Natural Ways to Sleep Better

Filed Under: Sleep, General Health

Natural Ways to Sleep Better

Quality sleep is absolutely essential for optimal health. Unfortunately, for various reasons, too many of us just don’t get enough of it.

When people have difficulty sleeping, they often turn to sleeping pills. If these drugs were benign, that would be one thing. But sleeping pills are riddled with side effects. In addition to increasing risk of falls, daytime sleepiness and cognitive impairment, they’re highly addictive.

There’s simply no need to use risky medications for better sleep when we have an arsenal of safe, natural ways to sleep better.

Supplemental Melatonin for Better Sleep

Sound sleep doesn’t come as easily for many people as they get older.

One reason is that the amount of time spent in the deepest, most restful stage of sleep (called rapid eye movement or REM), diminishes with age. After age 60, you’re more easily awakened and your sleep is more likely to be interrupted. Second, levels of melatonin—the hormone that regulates the sleep and wake cycles—start to decline around age 40.

That’s why my top recommendation for insomnia and other sleep disorders is supplemental melatonin.

More About Melatonin

Melatonin is synthesized in the pineal gland, a tiny structure embedded in the center of the brain. In addition to governing sleep and wake cycles, melatonin influences daily fluctuations in your body temperature, sense of hunger, energy and mood. But melatonin is most intimately involved with sleep.

Darkness signals melatonin’s gradual release, and as levels build up, you begin to feel drowsy. Production peaks during the middle of the night and then begins to fall, tapering off as the sun rises.

But sunset no longer means darkness as it did for most of human history. These days, as soon as night falls we turn on the lights, and we don’t turn them off until we go to bed. Problem is, these bright lights dramatically reduce melatonin output. This is just one example of how your lifestyle habits may be contributing to your poor sleep.

How to Get Better Sleep

Fortunately, you don’t have to wander around in the dark or go to bed at dusk to get your melatonin cycle back on track and improve your sleep and overall health. Taking melatonin in supplement form is an equally effective solution for better sleep.

Research has shown that taking 1–3 mg of melatonin 30 minutes to an hour before bedtime can reduce the amount of time it takes to fall asleep. And at least one study has demonstrated that 3 mg significantly increased the amount of time spent in REM sleep. Supplemental melatonin can also improve sleep efficiency—a measure of the actual amount of sleep enjoyed between going to bed and waking the next day.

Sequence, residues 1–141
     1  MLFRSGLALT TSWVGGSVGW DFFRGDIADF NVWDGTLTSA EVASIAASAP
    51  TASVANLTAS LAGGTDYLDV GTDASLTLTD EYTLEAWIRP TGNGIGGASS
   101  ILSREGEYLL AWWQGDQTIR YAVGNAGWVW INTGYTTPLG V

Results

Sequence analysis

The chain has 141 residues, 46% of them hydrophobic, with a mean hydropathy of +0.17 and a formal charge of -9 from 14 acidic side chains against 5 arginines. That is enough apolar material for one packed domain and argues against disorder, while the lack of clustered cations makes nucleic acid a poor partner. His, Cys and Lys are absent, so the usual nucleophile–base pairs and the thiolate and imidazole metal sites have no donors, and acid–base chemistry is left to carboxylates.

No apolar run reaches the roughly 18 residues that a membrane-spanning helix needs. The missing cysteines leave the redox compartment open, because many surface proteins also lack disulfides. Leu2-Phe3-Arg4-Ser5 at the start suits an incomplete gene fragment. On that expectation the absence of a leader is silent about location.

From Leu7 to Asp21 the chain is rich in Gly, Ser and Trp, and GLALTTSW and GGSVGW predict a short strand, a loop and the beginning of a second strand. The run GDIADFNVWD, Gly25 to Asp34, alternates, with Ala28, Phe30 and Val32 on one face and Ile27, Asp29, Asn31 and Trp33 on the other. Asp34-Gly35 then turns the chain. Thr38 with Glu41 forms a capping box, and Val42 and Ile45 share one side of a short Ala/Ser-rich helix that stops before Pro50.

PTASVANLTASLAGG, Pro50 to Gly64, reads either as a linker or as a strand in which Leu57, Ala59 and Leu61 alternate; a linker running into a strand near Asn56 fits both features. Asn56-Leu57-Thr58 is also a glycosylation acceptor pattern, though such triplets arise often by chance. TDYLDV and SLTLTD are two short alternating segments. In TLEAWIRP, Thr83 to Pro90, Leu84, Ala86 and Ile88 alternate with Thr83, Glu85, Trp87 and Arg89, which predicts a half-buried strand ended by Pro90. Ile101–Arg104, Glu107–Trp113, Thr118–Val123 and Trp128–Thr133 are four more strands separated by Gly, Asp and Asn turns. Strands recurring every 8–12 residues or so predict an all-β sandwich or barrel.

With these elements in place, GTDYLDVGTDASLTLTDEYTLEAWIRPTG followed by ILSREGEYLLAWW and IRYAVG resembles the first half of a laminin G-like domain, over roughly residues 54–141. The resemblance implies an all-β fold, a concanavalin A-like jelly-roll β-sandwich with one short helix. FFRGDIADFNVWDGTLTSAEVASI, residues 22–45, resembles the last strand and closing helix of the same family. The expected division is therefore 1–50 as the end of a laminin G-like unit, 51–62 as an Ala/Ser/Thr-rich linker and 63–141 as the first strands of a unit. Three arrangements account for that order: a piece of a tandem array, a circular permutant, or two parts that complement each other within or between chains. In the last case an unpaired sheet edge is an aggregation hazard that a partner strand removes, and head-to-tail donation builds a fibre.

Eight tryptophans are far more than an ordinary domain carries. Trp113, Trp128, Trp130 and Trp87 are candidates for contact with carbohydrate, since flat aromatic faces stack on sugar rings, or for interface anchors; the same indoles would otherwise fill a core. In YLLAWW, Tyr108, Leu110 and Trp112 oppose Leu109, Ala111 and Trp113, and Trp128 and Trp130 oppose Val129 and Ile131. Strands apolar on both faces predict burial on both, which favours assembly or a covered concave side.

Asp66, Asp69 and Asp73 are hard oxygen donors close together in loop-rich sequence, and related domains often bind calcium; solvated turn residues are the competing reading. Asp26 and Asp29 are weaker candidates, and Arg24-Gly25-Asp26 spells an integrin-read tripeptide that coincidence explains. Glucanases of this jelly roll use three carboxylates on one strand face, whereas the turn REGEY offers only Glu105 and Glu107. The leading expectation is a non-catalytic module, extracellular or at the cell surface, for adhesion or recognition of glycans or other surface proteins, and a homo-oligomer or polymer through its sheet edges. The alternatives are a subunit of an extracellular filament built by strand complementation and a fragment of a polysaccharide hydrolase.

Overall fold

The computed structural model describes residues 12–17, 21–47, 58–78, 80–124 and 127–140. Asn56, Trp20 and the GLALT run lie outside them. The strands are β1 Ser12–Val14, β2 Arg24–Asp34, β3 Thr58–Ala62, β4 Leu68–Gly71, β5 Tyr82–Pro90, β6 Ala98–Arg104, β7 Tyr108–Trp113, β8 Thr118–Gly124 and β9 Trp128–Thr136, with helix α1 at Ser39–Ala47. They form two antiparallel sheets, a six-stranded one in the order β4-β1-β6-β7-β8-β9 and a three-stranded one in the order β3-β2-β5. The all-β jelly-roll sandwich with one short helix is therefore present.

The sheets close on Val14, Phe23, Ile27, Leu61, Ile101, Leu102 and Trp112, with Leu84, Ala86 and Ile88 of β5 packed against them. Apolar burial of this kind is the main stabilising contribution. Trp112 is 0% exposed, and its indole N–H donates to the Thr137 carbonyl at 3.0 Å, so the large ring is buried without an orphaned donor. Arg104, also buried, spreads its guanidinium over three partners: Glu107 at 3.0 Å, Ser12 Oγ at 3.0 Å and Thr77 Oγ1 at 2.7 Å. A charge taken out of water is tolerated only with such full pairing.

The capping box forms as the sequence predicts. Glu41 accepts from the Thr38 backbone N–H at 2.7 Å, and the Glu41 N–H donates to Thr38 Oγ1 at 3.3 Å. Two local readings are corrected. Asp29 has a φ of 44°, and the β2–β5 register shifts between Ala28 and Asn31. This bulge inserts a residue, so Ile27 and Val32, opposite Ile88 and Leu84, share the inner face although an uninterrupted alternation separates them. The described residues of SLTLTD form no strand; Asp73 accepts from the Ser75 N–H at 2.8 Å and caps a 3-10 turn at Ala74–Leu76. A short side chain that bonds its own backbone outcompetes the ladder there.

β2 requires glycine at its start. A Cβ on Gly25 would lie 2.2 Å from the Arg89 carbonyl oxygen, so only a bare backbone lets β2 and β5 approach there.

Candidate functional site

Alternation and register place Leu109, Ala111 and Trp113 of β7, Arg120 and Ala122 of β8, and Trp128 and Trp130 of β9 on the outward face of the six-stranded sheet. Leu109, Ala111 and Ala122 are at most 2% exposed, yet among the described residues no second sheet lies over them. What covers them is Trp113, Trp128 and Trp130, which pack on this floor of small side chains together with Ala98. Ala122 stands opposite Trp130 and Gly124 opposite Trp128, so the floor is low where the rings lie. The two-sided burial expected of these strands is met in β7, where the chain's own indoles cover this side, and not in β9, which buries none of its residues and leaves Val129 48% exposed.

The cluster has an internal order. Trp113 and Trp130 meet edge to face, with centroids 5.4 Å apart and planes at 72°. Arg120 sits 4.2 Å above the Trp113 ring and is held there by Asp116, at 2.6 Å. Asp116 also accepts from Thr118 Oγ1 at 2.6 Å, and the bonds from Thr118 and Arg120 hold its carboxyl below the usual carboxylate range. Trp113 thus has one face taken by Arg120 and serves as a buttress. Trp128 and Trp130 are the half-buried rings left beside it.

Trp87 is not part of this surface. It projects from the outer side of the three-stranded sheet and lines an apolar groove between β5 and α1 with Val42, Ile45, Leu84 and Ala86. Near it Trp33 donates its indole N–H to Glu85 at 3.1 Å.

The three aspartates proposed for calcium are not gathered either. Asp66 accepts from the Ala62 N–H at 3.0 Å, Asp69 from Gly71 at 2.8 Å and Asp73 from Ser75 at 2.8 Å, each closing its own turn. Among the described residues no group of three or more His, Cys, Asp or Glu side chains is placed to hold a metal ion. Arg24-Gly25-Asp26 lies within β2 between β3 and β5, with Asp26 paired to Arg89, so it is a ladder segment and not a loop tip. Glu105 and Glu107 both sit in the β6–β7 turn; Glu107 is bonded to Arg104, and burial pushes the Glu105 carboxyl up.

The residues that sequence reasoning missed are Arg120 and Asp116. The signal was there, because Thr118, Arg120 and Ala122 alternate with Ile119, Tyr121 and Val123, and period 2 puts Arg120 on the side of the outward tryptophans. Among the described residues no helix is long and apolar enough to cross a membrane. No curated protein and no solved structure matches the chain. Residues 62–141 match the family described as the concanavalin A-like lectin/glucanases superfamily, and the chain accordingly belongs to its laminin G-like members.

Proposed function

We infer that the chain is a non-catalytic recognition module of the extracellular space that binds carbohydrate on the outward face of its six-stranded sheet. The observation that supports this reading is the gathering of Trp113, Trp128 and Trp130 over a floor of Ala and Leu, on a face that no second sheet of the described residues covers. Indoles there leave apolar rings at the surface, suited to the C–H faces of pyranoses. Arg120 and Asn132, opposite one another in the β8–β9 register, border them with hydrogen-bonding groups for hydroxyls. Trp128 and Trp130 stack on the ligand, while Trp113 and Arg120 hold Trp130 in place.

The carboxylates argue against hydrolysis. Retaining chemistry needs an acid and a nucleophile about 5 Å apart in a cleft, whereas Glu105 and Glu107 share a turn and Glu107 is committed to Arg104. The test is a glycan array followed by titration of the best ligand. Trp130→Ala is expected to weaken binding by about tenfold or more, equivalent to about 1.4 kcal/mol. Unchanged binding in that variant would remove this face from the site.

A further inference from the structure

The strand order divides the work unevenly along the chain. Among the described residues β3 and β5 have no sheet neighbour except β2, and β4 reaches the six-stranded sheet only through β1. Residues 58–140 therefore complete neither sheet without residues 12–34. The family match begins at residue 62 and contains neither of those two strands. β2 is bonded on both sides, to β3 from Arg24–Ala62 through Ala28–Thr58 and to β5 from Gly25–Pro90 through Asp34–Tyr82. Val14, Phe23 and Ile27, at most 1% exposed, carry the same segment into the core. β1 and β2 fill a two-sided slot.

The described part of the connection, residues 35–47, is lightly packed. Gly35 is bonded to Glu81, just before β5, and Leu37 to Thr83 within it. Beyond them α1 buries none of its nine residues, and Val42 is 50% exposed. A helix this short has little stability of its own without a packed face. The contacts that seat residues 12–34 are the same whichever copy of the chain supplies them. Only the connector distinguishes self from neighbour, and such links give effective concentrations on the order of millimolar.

I recommend taking 1–3 mg of melatonin, 30–60 minutes before bedtime, preferably on an empty stomach. Melatonin should not be used by anyone who is pregnant or nursing, or before driving. Note: Melatonin causes vivid dreams in some people.

Other Safe, Effective and Natural Ways to Sleep Better

Two other targeted supplements I recommend for better sleep are:

  • Valerian (Valeriana officinalis) is an herb native to North America, Asia and Europe. It has been used since at least the mid-1800s for promoting better sleep. The root of the plant is considered to be the most potent. The suggested dose is 250– 500 mg, 30–60 minutes before bedtime.

  • L-theanine is an amino acid derived from green tea. Renowned for its calming effects, research suggests that L-theanine works by enhancing alpha-wave activity in the brain, which results in relaxation. The suggested dose for better sleep is 200 mg, 30–60 minutes before bedtime.

More Dr. Whitaker Advice on Optimal Health

DISCLAIMER: The content of is offered on an informational basis only, and is not intended to be a substitute for professional medical advice, diagnosis, or treatment. Always seek the guidance of a qualified health provider before making any adjustment to a medication or treatment you are currently using, and/or starting any new medication or treatment. All recommendations are "generally informational" and not specifically applicable to any individual's medical problems, concerns and/or needs.

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